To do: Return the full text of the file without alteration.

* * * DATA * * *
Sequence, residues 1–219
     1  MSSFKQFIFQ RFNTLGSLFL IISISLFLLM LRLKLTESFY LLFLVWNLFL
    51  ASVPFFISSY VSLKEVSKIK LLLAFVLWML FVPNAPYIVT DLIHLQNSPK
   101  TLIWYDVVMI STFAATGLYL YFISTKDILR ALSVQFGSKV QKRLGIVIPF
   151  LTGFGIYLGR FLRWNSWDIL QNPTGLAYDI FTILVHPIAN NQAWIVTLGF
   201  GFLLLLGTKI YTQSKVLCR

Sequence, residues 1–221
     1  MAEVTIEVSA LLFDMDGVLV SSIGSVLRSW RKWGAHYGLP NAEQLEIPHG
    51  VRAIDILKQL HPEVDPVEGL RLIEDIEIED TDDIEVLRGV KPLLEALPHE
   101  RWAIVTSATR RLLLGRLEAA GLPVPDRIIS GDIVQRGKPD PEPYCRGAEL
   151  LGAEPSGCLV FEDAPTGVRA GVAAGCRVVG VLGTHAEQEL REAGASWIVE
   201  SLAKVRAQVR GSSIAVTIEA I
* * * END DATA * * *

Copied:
Sequence, residues 1–219
     1  MSSFKQFIFQ RFNTLGSLFL IISISLFLLM LRLKLTESFY LLFLVWNLFL
    51  ASVPFFISSY VSLKEVSKIK LLLAFVLWML FVPNAPYIVT DLIHLQNSPK
   101  TLIWYDVVMI STFAATGLYL YFISTKDILR ALSVQFGSKV QKRLGIVIPF
   151  LTGFGIYLGR FLRWNSWDIL QNPTGLAYDI FTILVHPIAN NQAWIVTLGF
   201  GFLLLLGTKI YTQSKVLCR

Sequence, residues 1–221
     1  MAEVTIEVSA LLFDMDGVLV SSIGSVLRSW RKWGAHYGLP NAEQLEIPHG
    51  VRAIDILKQL HPEVDPVEGL RLIEDIEIED TDDIEVLRGV KPLLEALPHE
   101  RWAIVTSATR RLLLGRLEAA GLPVPDRIIS GDIVQRGKPD PEPYCRGAEL
   151  LGAEPSGCLV FEDAPTGVRA GVAAGCRVVG VLGTHAEQEL REAGASWIVE
   201  SLAKVRAQVR GSSIAVTIEA I